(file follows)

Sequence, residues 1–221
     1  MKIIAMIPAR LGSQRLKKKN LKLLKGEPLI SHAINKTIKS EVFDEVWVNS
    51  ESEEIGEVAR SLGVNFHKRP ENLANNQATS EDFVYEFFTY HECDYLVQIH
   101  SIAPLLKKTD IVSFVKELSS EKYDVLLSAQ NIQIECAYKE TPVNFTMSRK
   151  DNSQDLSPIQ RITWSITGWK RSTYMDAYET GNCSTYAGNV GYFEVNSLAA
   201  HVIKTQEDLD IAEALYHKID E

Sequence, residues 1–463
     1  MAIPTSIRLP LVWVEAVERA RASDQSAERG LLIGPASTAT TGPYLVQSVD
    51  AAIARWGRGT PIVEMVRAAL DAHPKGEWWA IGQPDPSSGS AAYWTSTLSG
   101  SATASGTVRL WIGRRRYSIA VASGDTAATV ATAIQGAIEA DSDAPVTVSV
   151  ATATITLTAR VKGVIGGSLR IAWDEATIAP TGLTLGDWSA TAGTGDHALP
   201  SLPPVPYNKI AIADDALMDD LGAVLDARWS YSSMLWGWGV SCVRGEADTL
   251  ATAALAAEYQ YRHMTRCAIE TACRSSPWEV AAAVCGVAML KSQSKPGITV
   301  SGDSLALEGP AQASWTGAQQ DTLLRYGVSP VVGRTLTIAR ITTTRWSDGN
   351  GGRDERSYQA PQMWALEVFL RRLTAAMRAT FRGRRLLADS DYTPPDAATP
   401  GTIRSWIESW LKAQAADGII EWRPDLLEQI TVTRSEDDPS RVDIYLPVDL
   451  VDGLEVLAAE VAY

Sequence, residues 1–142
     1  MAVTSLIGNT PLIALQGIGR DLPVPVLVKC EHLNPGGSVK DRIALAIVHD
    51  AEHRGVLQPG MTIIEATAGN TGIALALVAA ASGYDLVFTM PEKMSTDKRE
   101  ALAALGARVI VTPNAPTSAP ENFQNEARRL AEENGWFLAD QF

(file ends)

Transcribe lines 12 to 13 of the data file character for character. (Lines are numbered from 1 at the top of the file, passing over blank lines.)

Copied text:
   201  SLPPVPYNKI AIADDALMDD LGAVLDARWS YSSMLWGWGV SCVRGEADTL
   251  ATAALAAEYQ YRHMTRCAIE TACRSSPWEV AAAVCGVAML KSQSKPGITV